Volkswagen owners seem to have a unusual fondness for the VW shift pattern. I am not sure why as it is not a particularly intricate design, just a simple image that shows drivers where to move the stick shift when selecting gears: 1-4, reverse, and neutral. Martha’s hypothesis is that, for American drivers at least, Volkswagen put reverse in the wrong place when compared to our domestic vehicles. Whatever the reason might be, the pattern sprouted its own persona, despite its unassuming nature, and can be found on T-shirts, hats, bumper stickers, and, yes, even as a tattoo.
On the bay window bus, the shift pattern adorns the front ashtray located just above the stick shift in the center-bottom of the dashboard. On 68-71(72/3?) bays, the ashtray has a black metal face on which this pattern is painted in white. On later models, a black plastic face replaces the metal one, but it still retains the white shift pattern (although ‘N’ for neutral was eventually dropped from the pattern). Moby came with a late, plastic-faced ashtray and, despite its great condition, this bugged me a bit because, well, it was not appropriate for a ’71. As luck would have it, I happened to have Big Red One’s (also a ’71 bus) dashboard sitting out in the parts stash and, so all could be right in the world, I retrieved it a little over a year ago. Alas, while the ashtray was indeed the correct variant, the shift pattern was just about completely worn away. Given the options, I decided to keep the later, incorrect ashtray so as to have the company of that all endearing set of white lines and numbers. In the mean time, I kept an eye out for a good condition early ashtray.
Turns out, good condition ashtrays with complete shift patterns are a little tough to find as many have become rusty or, like mine, the white paint has worn away. As an alternative option, there are reproduction stickers of the shift pattern out there; just peel, stick, and walla – the ashtray has a new image. The drawback to these stickers is that they are just that, stickers – large, square, black (or clear) stickers with a white shift pattern in the middle. When attached to the ashtray, the black/clear portion of the sticker becomes obvious and, to me, just did not look right.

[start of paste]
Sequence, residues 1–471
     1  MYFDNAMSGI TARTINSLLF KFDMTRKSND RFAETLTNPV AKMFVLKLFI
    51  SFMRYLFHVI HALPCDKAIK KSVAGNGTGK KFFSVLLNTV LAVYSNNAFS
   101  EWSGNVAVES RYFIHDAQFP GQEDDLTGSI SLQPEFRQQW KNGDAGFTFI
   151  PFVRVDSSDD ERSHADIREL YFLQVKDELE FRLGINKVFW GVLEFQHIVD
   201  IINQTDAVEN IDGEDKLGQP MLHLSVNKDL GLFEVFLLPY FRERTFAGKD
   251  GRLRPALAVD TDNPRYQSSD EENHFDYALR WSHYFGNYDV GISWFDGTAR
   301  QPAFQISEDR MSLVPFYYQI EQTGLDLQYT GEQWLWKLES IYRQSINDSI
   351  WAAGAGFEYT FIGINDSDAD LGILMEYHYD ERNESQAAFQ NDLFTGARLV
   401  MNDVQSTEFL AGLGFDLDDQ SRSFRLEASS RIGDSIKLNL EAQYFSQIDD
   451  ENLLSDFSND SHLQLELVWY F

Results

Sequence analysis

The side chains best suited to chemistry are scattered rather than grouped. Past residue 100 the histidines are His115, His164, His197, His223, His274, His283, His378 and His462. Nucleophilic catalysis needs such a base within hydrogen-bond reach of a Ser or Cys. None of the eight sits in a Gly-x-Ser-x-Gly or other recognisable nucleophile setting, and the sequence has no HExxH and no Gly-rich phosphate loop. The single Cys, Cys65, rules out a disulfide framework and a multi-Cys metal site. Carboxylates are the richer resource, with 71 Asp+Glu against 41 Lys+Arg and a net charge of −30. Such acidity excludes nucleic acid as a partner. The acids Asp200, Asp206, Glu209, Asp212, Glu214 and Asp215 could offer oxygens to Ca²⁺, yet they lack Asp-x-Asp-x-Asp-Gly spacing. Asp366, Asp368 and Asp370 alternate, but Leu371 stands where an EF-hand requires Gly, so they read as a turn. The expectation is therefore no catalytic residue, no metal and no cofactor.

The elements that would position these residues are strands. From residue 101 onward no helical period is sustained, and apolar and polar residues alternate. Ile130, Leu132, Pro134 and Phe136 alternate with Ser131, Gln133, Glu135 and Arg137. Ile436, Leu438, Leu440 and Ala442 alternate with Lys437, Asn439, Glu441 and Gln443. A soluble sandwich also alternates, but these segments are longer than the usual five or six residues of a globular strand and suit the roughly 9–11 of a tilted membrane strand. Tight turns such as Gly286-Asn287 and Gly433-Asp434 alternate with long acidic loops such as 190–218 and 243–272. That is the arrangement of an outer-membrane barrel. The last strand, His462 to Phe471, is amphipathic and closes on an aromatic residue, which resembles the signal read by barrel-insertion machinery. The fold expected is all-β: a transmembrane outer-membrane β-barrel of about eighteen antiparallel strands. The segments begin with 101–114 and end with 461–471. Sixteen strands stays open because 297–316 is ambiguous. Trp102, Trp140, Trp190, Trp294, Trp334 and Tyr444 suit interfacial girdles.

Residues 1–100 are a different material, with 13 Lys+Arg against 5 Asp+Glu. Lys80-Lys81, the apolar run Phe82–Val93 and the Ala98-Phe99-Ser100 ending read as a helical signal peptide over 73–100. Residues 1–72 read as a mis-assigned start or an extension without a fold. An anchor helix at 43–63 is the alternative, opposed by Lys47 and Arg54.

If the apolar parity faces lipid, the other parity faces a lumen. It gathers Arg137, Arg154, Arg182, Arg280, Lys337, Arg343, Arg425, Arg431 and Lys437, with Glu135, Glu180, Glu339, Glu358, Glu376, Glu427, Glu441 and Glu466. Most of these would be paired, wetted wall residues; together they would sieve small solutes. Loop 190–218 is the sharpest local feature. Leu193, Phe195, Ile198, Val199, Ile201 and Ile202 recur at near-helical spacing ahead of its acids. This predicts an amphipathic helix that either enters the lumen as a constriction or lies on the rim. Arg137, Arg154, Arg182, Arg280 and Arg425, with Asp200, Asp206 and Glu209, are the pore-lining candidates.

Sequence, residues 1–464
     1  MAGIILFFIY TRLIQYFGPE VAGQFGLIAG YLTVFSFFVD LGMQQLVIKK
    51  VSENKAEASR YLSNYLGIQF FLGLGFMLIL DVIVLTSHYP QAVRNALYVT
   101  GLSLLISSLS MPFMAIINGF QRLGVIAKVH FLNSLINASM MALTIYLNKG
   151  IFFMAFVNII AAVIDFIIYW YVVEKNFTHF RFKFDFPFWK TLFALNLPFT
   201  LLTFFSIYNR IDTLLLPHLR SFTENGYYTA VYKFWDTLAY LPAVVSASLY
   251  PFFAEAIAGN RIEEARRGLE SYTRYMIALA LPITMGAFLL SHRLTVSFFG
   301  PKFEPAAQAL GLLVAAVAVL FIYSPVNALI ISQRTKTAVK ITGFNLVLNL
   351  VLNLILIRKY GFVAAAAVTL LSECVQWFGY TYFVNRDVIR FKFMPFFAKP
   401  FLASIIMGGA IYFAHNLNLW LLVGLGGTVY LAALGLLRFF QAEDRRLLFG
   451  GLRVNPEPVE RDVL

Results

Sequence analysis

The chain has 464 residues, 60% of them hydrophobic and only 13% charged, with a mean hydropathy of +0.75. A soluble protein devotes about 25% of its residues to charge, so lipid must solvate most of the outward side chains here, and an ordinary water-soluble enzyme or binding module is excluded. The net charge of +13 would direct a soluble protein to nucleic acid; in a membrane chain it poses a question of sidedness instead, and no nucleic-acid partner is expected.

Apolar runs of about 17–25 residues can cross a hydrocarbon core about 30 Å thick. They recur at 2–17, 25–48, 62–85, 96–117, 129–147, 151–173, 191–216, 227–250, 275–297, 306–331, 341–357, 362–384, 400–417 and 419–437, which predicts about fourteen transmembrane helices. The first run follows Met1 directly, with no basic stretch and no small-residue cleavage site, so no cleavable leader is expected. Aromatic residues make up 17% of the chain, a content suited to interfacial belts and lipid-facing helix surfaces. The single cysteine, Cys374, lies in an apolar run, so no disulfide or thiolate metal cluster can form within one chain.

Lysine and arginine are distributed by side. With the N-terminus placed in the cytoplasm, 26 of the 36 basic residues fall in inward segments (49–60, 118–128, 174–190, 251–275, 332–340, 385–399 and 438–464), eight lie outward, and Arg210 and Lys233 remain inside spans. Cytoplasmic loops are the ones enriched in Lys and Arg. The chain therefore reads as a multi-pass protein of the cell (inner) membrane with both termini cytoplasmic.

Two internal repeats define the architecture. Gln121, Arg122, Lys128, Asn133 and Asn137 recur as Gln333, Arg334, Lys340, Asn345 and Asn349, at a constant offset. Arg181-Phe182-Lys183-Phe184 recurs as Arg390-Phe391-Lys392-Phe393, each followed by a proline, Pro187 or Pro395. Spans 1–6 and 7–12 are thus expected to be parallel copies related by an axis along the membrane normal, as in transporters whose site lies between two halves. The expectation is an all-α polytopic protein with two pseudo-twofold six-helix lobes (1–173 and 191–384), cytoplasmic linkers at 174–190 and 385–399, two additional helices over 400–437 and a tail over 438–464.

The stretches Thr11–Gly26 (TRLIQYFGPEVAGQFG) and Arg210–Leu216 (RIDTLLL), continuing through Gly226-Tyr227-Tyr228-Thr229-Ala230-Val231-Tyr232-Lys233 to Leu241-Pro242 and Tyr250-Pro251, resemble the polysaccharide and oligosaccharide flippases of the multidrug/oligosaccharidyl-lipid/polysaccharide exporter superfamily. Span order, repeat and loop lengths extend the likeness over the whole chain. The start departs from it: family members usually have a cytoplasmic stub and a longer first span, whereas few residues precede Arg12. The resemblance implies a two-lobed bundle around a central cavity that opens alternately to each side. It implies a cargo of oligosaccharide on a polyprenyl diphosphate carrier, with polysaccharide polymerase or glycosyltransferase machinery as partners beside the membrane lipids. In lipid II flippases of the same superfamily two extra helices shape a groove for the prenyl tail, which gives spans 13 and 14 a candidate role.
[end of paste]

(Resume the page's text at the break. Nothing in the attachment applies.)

At the beginning of last spring, my family and I attended the smallest of small festivals in the smallest of small towns not too far from our home. It was a nice celebration of this particular town’s founding, history, and community pride. Setup along one side of the town square were tables and awnings where various vendors hocked a sundry of wares; one of which sold glassware. All the glasses, mugs, cups, wine goblets, and such sold at this table were decorated with random, colorful patterns of vinyl decals or vinyl logos of popular companies and sports teams. As we perused through the transparent merchandise looking for a circle with a ‘V’ resting on a ‘W’, Martha mentioned that our friend Tim and his wife owned a vinyl cutter capable of creating the vinyl decals now in front of us (Tim printed our cabinet door check strap; check out his blog here). I am not sure how my brain went from a VW emblem on a mug to my ashtray dilemma, but Martha’s revelation got me thinking about trying to make a vinyl reproduction shift pattern.
After getting distracted for a few months, I settled on two options last November: cut a complete pattern from white vinyl and stick it to the early bay ashtray, or cut a stencil out of vinyl (color optional) and paint the pattern as per the original. I finally asked Tim about the feasibility of cutting such thin, small numbers and lines in December and he did not seem at all worried; I only needed a digital image for the cutter. At first I thought about trying to create the digital image from scratch, but I am just not that good with graphical software. I then considered scanning the ashtray or taking a picture of the pattern, but guessed that this too would be difficult. I then remembered that there is a thing called the internet. Within a minute or two I found this open clipart image (open means free!). After downloading, I reshaped the ‘R’ and ‘N’ a bit so they better matched the originals, and resized the whole figure in the same dimensions as the original pattern (2.8 cm high x 4 cm wide). Tim used the image to cut two shift pattern decals and two stencils. We will see how well the decals stay stuck over time, but, over a month later, so far so good. If they fail during the hotter, more humid summer months, I will try the stenciling/painting option and report back.
One note: I am not sure this will work well on the textured plastic of late bay ashtrays as the decals may have trouble sticking and paint could easily work its way under a stencil. If anyone tries this on a late model ashtray, I would be very interested to know how it worked out.